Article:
I just returned from a visit to South Asia. Right before my visit, the tensions between nuclear rivals India and Pakistan were at an all-time high, with each side portraying the other as evil and the enemy of its people.
During my visit, I had the opportunity to visit the India-Pakistan border in Punjab, India at Wagah, to watch the evening ceremony of the lowering flags by both countries at the border crossing. I expected it to be a solemn event – but boy was I in for a surprise! It was a full-fledged Bollywood style extravaganza of loudspeakers and live patriotism, full-blast, being led on both sides by the border protection forces of each country.
Every call from Pakistanis sitting on the other side of the fence of “Pakistan Zindabad” (long live Pakistan) had to be answered with an even louder “Bharat Mata Ki Jai” (glory to Mother India) from the Indian side – back and forth, equally dramatic. In between groups of individuals would scream obscenities at those sitting across the border, with others on the same side cheering on proudly and laughing. Each side had to drown out the voices of the other. The armed forces personnel leading the ceremony on both sides interacted with pre-rehearsed visibly confrontational postures and screams, as if they were ready to attack the other side. No wonder the crowd was emboldened into a passion of hateful patriotism.
As I sat among the frenzied Indian crowd, the person sitting next to me inquired why I was not being a patriotic Indian by joining in the fun. My response had him dumbfounded: “My ancestors lived on the other side for centuries before they migrated to India through these very gates about 70 years ago. My ancestral home still stands on the land on the other side, the same blood flows in us as in the Pakistanis. I am a citizen of USA, so want both countries to live in peace and the land of my ancestors can be healed.”
His response was a loud announcement that a Pakistani agent was sitting next to him. As a Sikh who wears a turban, I was clearly outed by my neighbor as an alleged Pakistani agent. The chorus around me grew angrier, and I decided to leave the event for my own personal safety. As I shuffled out from the crowd, I heard several people telling me to go to Pakistan so when India drops a nuclear bomb on Pakistan I can enjoy it. As I walked back to the parking lot, I imagined the same treatment being meted out to someone on the other side of the border – go to India and wait till we nuke them.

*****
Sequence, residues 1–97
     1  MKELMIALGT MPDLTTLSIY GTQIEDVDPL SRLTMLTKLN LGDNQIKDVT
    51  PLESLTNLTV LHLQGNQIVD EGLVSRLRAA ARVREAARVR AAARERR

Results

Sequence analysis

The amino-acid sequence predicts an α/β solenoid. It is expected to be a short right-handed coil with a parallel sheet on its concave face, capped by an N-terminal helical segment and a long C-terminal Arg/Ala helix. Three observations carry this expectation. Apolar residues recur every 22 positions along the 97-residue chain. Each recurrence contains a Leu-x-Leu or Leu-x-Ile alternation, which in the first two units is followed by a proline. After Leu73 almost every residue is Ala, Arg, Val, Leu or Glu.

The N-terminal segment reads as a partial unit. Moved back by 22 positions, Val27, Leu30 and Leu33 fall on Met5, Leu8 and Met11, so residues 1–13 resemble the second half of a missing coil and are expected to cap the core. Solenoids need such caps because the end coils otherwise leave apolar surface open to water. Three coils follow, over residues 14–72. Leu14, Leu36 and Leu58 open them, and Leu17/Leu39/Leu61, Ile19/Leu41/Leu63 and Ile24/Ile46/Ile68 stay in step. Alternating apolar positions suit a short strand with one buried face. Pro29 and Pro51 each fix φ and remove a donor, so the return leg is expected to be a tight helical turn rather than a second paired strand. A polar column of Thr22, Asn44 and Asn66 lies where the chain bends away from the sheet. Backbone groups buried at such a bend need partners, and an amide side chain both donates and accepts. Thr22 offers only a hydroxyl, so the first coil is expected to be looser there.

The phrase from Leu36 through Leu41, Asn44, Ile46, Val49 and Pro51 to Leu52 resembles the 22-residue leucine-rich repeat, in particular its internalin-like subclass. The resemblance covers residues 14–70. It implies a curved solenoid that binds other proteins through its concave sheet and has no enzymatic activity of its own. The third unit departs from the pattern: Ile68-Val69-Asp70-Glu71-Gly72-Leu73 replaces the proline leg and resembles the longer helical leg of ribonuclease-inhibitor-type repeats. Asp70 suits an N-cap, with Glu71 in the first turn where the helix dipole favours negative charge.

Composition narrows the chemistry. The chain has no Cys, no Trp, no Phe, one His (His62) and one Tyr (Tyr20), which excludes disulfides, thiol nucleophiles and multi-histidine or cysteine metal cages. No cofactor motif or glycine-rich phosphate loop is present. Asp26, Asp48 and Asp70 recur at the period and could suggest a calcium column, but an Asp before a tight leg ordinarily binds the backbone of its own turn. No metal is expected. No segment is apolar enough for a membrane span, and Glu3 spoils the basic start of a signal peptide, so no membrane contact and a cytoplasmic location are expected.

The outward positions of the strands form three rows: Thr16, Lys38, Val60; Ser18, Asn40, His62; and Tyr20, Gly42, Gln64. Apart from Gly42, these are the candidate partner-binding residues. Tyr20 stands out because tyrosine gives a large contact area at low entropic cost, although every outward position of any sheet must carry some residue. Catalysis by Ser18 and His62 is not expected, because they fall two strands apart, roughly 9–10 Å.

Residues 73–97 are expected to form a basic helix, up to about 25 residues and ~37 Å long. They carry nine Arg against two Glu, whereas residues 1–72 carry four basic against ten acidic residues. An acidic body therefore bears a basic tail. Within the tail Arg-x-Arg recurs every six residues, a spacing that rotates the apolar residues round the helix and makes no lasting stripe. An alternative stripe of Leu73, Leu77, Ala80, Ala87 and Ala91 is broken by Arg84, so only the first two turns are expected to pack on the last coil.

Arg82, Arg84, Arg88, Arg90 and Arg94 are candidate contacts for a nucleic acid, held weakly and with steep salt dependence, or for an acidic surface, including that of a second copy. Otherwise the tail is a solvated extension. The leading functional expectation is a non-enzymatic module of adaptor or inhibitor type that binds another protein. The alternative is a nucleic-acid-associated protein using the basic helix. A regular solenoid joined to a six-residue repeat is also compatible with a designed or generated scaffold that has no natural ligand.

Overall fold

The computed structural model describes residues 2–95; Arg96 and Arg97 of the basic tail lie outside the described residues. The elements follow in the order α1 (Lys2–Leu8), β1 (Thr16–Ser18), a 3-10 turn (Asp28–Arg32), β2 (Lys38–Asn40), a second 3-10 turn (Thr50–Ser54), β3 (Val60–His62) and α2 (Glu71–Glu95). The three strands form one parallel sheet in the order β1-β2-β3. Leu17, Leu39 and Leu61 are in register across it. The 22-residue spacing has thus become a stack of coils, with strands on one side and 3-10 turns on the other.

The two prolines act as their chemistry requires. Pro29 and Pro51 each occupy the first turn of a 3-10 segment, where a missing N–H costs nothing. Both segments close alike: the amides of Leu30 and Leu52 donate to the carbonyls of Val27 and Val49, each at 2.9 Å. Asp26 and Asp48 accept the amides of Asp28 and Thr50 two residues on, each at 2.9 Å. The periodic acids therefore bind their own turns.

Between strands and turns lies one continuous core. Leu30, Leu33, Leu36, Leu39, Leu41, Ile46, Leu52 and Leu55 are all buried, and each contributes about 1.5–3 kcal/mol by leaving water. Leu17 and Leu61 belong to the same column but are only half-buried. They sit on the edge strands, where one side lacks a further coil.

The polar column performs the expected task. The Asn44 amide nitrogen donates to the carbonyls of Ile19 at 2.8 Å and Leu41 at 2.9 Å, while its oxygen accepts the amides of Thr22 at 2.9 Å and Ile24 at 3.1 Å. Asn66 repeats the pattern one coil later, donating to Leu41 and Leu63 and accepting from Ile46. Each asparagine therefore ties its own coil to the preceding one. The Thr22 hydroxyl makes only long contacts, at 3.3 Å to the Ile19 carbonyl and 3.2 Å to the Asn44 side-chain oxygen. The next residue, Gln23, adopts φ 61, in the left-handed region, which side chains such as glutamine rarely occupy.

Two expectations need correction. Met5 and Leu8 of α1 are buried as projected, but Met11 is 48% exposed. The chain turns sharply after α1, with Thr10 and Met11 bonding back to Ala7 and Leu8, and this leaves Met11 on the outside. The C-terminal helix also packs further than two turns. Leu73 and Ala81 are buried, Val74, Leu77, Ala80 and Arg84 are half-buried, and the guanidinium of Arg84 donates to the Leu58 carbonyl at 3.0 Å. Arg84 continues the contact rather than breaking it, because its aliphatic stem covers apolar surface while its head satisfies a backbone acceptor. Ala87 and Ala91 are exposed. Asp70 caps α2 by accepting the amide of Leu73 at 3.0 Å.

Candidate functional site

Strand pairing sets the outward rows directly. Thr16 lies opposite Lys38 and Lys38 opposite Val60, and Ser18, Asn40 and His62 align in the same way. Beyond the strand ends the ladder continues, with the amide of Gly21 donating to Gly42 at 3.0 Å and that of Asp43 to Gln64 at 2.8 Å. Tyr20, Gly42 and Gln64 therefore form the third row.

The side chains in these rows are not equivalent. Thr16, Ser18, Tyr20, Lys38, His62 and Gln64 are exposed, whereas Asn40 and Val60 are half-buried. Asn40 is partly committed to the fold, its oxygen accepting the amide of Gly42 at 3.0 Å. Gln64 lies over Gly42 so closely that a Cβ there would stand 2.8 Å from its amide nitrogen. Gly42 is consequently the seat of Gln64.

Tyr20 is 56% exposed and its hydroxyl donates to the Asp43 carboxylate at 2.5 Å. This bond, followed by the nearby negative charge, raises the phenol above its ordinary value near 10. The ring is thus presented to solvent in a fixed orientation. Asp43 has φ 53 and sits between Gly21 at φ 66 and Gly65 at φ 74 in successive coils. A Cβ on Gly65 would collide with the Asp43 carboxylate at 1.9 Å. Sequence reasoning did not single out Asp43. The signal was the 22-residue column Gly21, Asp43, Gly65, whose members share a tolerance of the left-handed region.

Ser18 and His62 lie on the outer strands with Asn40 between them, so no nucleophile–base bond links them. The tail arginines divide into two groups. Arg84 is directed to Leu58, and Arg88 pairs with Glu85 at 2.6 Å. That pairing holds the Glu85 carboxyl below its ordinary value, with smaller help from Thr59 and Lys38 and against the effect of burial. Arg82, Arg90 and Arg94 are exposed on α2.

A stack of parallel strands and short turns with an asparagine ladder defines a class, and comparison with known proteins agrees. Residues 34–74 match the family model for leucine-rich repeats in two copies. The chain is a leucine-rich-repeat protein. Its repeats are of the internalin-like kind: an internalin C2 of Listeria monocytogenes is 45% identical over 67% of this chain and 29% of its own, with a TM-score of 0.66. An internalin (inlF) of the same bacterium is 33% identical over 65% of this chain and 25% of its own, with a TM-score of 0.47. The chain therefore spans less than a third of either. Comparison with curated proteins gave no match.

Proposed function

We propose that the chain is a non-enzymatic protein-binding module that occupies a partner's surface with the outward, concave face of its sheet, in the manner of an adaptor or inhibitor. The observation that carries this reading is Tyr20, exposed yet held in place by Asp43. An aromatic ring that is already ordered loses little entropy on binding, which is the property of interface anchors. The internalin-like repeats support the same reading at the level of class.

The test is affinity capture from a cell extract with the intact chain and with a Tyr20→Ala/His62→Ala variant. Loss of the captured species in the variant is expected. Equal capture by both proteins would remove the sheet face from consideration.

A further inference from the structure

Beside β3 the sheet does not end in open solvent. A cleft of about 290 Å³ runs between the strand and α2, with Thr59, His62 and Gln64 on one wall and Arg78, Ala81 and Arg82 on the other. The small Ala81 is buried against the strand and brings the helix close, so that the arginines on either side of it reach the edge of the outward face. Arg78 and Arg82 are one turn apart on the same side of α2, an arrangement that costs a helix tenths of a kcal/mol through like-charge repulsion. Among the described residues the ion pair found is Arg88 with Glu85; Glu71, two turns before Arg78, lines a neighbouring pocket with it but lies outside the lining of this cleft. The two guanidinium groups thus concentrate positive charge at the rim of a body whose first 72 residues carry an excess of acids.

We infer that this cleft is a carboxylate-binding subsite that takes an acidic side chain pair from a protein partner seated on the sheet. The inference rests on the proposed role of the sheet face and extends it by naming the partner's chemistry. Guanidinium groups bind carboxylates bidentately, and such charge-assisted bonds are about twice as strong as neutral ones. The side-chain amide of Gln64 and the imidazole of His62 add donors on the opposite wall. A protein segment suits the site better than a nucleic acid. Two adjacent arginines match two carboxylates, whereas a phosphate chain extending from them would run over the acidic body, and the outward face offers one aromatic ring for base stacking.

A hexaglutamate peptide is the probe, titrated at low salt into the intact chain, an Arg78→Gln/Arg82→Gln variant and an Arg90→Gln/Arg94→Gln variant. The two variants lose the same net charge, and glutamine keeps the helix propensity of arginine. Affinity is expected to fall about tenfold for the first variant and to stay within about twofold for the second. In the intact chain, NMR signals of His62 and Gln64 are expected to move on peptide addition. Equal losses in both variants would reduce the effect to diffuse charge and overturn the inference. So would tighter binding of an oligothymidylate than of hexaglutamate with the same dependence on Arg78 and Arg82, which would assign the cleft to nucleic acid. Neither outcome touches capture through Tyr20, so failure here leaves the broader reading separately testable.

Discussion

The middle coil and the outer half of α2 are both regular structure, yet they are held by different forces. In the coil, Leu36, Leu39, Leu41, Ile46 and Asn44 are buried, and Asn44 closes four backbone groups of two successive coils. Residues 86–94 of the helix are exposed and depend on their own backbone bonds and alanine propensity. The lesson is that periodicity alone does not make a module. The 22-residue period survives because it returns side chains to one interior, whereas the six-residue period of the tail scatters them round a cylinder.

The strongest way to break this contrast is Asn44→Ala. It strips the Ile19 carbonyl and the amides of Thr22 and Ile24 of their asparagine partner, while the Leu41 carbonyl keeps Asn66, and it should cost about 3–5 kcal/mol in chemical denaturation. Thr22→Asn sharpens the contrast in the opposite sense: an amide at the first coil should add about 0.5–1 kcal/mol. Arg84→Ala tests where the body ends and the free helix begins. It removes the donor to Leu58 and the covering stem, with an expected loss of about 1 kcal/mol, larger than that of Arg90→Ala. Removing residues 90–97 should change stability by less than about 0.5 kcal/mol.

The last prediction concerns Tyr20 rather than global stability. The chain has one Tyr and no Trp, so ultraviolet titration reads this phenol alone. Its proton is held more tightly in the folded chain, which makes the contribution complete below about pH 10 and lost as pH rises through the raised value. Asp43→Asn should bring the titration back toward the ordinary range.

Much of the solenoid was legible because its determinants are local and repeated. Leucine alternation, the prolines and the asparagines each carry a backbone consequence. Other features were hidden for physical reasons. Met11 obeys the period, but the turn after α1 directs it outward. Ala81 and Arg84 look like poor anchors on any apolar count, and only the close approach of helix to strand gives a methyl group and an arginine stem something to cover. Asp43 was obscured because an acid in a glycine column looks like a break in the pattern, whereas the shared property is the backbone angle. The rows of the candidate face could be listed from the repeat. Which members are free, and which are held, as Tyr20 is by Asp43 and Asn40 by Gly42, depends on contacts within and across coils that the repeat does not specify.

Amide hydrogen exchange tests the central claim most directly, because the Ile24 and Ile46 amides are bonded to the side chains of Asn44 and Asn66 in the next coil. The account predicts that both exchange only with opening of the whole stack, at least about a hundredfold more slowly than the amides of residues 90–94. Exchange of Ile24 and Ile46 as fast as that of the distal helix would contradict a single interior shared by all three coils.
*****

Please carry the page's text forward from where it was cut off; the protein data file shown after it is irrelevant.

This was shocking – people are so angry and upset at those on the other side that dropping nuclear bombs on the other side of a man made line of demarcation has become a joke, a way to demonize those on the other side. I have never seen such hateful patriotism in my life, although I have read of the behavior of some Trump supporters who exhibit similar sentiments. I can never forget that my own country – USA – is the only one to have used a nuclear bomb ever in the history of humankind. And this is something that we as Americans still seem to be proud of – utterly disgusting.
While in Delhi before returning to America, I visited a street market for souvenirs for my kids. On the way out, I noticed a museum dedicated to the former President of India Abdul Kalam. I immediately recognized his name, as he is considered to be the pioneer of India’s nuclear arms program. Walking through the museum I noticed that his development of nuclear weapons for India was given special focus. How ironic that the land of Gandhi’s non-violence was now so proud of nuclear weapons.
There is a silver lining. While extremes in both India and Pakistan have support of the government and the religious right, the vast majority on South Asians have a common future. When the wind blows, it does not matter which direction it blows in. We are all in it together.
It is well known that many of the nuclear weapons of India and Pakistan are placed in the South Asian region on Punjab – which is currently divided between the two countries. A nuclear warfare between the two nations would decimate Punjab – the Land of the Five Rivers and its people.
It is time for civic society in South Asia to work together towards a secure common interdependent future based on mutual trust rather than hateful patriotism.